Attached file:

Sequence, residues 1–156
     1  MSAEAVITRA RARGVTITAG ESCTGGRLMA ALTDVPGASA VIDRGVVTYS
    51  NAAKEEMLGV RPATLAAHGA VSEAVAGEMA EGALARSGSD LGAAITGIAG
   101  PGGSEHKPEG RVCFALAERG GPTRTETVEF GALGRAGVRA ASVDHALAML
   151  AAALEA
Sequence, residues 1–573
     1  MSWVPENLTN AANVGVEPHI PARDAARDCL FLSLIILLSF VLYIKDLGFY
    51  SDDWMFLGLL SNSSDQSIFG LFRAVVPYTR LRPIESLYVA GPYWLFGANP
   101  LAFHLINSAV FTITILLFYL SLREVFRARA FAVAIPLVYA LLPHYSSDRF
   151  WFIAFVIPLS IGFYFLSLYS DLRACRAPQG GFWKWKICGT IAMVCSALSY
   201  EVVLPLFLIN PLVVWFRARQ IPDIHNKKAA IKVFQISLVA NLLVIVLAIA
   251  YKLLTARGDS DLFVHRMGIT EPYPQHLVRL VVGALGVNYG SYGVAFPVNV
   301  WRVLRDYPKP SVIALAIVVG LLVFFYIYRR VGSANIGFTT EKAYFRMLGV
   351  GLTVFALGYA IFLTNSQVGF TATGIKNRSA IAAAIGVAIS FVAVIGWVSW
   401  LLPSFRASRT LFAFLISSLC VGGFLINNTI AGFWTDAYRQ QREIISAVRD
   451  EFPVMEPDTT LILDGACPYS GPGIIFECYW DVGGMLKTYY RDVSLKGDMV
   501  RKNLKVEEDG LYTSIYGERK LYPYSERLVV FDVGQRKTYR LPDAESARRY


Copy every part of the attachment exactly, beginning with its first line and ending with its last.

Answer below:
Sequence, residues 1–156
     1  MSAEAVITRA RARGVTITAG ESCTGGRLMA ALTDVPGASA VIDRGVVTYS
    51  NAAKEEMLGV RPATLAAHGA VSEAVAGEMA EGALARSGSD LGAAITGIAG
   101  PGGSEHKPEG RVCFALAERG GPTRTETVEF GALGRAGVRA ASVDHALAML
   151  AAALEA
Sequence, residues 1–573
     1  MSWVPENLTN AANVGVEPHI PARDAARDCL FLSLIILLSF VLYIKDLGFY
    51  SDDWMFLGLL SNSSDQSIFG LFRAVVPYTR LRPIESLYVA GPYWLFGANP
   101  LAFHLINSAV FTITILLFYL SLREVFRARA FAVAIPLVYA LLPHYSSDRF
   151  WFIAFVIPLS IGFYFLSLYS DLRACRAPQG GFWKWKICGT IAMVCSALSY
   201  EVVLPLFLIN PLVVWFRARQ IPDIHNKKAA IKVFQISLVA NLLVIVLAIA
   251  YKLLTARGDS DLFVHRMGIT EPYPQHLVRL VVGALGVNYG SYGVAFPVNV
   301  WRVLRDYPKP SVIALAIVVG LLVFFYIYRR VGSANIGFTT EKAYFRMLGV
   351  GLTVFALGYA IFLTNSQVGF TATGIKNRSA IAAAIGVAIS FVAVIGWVSW
   401  LLPSFRASRT LFAFLISSLC VGGFLINNTI AGFWTDAYRQ QREIISAVRD
   451  EFPVMEPDTT LILDGACPYS GPGIIFECYW DVGGMLKTYY RDVSLKGDMV
   501  RKNLKVEEDG LYTSIYGERK LYPYSERLVV FDVGQRKTYR LPDAESARRY